Magic Johnson and Larry Bird‘s iconic rivalry during the 1980s saved the NBA from a disastrous fate. The two developed a strong bond that extends well off the court. However, the connection pushed the Hall of Famers to take extra measures to best each other.
Magic Johnson and Larry Bird rivalry fueled the NBA
Johnson and Bird‘s rivalry was sparked by the epic 1979 NCAA Championship Game that featured Michigan State topping Indiana State.
The two rising stars’ connection became cemented after they entered the NBA with two of the league’s biggest franchises. Johnson and Bird faced each other three times in the NBA Finals, with the Los Angeles Lakers getting the upper hand twice over the Boston Celtics. They combined to win eight championships in the 1980s, with Johnson making eight Finals appearances to Bird’s five trips.
The intense rivalry lifted the NBA to tremendous heights, reaching popularity it never experienced before. At the same time, it pushed the two all-time talents to bring the most out of each other.
Magic Johnson admitted he experienced many sleepless nights because of Larry Bird: ‘I was scared to death because I knew that he could beat me’
Johnson and Bird competed against each other at the highest level throughout much of their illustrious careers.
It fueled the on-court rivalry between the all-time talents that only brought the best out of each other. Although the friendship didn’t develop until a few years into their playing days, Johnson revealed during a 2012 interview on The David Letterman Show (h/t Los Angeles Times) that matchups against Bird led to many sleepless nights.
“I didn’t want Larry to like me,” Johnson said. “He didn’t have to like me, but we both respected each other. I knew Larry could beat me if I made mistakes or if we didn’t play our best game. Larry made me have sleepless nights because I was scared to death because I knew that he could beat me.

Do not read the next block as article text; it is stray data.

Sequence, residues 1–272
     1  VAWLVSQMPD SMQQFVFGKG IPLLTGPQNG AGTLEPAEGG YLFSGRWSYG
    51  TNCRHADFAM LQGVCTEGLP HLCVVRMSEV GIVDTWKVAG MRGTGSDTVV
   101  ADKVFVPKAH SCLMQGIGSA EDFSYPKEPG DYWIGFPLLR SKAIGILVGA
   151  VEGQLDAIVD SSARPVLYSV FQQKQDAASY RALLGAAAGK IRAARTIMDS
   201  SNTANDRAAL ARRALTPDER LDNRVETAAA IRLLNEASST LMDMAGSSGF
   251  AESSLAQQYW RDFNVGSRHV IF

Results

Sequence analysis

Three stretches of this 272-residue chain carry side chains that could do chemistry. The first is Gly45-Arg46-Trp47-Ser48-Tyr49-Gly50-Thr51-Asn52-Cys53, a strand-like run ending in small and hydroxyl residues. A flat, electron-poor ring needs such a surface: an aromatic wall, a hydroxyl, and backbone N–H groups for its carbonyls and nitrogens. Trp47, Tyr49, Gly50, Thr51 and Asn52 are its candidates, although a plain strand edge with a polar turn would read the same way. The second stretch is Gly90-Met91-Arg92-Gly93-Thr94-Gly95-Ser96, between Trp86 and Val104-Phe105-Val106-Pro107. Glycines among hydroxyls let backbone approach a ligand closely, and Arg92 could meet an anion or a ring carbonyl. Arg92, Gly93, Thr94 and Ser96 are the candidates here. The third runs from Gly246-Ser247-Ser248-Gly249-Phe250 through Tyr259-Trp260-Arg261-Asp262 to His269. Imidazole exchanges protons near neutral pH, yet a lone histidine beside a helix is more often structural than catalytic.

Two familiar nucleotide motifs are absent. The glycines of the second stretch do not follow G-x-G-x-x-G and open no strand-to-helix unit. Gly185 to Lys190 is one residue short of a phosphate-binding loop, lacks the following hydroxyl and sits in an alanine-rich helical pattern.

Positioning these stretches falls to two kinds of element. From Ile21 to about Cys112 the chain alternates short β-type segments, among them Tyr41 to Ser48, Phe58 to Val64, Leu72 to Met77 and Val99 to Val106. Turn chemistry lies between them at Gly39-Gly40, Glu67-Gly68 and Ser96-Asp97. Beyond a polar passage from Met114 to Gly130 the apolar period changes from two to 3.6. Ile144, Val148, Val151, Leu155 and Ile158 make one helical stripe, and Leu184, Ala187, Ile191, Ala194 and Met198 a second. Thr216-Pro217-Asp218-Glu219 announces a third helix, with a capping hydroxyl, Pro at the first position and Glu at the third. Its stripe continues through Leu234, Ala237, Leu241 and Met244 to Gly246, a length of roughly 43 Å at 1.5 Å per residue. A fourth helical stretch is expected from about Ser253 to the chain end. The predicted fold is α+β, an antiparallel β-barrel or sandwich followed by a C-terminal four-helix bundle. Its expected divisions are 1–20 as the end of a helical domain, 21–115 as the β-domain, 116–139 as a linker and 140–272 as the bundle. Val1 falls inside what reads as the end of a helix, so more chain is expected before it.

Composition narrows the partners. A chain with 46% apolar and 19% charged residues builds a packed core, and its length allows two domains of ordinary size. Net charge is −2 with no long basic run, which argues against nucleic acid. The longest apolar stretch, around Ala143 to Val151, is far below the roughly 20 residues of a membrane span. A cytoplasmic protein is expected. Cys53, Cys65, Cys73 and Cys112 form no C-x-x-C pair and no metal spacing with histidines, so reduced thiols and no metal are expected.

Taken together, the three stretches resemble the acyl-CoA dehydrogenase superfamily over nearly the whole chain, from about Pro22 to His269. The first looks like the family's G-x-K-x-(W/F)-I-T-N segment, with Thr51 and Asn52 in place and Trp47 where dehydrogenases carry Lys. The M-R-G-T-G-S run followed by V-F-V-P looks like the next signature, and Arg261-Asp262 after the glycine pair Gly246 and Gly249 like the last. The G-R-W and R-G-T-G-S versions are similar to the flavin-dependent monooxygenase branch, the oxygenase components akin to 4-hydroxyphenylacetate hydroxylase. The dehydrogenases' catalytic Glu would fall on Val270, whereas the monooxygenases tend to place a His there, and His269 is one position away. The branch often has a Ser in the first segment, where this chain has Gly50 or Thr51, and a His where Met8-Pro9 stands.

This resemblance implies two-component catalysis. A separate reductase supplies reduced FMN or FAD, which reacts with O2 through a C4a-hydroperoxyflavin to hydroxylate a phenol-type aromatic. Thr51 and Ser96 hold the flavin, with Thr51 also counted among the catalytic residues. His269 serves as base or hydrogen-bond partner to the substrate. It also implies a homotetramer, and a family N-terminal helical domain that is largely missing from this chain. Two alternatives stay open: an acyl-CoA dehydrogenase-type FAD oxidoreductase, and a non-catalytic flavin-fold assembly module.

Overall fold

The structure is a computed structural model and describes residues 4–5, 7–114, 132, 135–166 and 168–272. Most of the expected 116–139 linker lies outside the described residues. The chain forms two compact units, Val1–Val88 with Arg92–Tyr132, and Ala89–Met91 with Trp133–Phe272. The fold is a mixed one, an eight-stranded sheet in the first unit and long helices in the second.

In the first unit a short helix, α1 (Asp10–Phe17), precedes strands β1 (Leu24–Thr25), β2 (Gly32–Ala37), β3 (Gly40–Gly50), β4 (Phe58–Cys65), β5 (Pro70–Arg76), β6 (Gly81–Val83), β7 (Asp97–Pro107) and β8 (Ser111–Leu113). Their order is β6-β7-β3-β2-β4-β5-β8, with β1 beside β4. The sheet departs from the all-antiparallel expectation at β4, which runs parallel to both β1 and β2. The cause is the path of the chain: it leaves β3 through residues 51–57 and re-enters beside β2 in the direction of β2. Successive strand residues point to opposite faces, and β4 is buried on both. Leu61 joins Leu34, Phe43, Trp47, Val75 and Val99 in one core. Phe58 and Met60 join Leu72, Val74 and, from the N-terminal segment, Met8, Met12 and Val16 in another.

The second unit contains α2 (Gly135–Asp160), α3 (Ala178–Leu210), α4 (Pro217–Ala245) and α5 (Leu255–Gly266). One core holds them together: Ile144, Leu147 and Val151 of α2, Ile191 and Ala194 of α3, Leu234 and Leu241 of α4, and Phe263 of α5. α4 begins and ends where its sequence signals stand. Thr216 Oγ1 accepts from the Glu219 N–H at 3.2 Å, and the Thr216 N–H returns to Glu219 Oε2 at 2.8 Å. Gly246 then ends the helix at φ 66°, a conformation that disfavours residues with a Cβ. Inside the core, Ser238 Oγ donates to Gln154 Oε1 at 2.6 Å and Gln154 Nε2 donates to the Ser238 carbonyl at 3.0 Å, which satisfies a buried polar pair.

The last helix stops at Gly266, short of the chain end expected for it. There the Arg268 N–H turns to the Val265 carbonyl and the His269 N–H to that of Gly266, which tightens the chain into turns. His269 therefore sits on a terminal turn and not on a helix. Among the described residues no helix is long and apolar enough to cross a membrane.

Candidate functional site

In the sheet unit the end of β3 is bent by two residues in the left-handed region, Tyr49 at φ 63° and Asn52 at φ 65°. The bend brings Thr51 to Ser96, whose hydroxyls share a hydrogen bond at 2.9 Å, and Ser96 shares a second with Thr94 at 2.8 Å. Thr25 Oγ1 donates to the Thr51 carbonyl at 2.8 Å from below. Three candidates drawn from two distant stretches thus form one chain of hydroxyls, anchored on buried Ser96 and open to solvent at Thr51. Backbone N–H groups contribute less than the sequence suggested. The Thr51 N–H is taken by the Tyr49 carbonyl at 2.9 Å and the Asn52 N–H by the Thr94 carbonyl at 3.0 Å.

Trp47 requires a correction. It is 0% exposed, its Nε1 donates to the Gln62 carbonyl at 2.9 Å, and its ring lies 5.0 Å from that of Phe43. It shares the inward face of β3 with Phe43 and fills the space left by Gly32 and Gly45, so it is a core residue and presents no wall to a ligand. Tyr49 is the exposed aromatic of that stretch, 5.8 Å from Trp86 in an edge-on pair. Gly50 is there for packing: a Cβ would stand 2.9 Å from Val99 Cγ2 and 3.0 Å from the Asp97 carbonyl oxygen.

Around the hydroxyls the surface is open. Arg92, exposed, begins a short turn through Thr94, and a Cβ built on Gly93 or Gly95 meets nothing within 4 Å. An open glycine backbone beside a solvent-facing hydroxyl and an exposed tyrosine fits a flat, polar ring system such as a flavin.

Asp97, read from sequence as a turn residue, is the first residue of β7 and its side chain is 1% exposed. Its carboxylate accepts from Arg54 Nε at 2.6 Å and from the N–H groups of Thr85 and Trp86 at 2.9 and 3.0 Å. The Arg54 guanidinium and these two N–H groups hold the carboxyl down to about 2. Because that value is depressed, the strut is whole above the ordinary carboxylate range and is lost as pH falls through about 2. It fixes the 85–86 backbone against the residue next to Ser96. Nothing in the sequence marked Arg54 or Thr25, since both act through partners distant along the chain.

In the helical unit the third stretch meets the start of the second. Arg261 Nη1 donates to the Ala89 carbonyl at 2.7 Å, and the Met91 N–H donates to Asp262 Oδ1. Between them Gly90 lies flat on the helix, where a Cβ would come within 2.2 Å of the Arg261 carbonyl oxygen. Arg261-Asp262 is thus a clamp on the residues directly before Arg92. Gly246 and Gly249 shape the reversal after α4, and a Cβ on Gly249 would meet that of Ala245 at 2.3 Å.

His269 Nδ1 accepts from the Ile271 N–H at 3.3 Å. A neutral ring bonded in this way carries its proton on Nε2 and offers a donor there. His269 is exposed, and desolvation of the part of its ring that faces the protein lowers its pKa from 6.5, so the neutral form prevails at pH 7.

“That’s what a great player does to you that you have to go up against. Not only was he great but the Celtics were great too. Hopefully, I was the same thing in his mind when he went to try to go to sleep.”
It’s a shared sentiment Bird held anchored by mutual respect that only drove him to hone his craft each offseason to best his longtime rival.
“Everybody says there is a hate element to it,” Bird said. “But there never was hate but rather that I had so much respect for him. You never let your guard down, and he was so good. I used to have this thing in my head in the summer where I’d go shoot 700 jump shots that day and I’d get ready to leave and I’d go, ‘God, I know he’s shooting 800’ and it’d drive me back out there.
“It was mind games too, but I always respected him and his teammates. We had great teams.”
The rivalry may have led to an outside perception that the two hated each other. However, the respect and admiration wound up creating unforgettable on-court battles and forged a lasting friendship.
Rivalry fostered life-long friendship beyond the court
Behind their intense rivalry, Johnson and Bird played a pivotal part in helping save the league from a disastrous fate.
The passion for the game, coupled with learning about each other off the court, led to deep-rooted respect and love for each other. It’s guided them to form a strong bond that has only grown stronger with time.
The connection has kept them close throughout the years, with the on-court rivalry remaining a strong source of respect. It’s been nearly three decades since the two competed against each other, but their friendship extends far off any basketball court.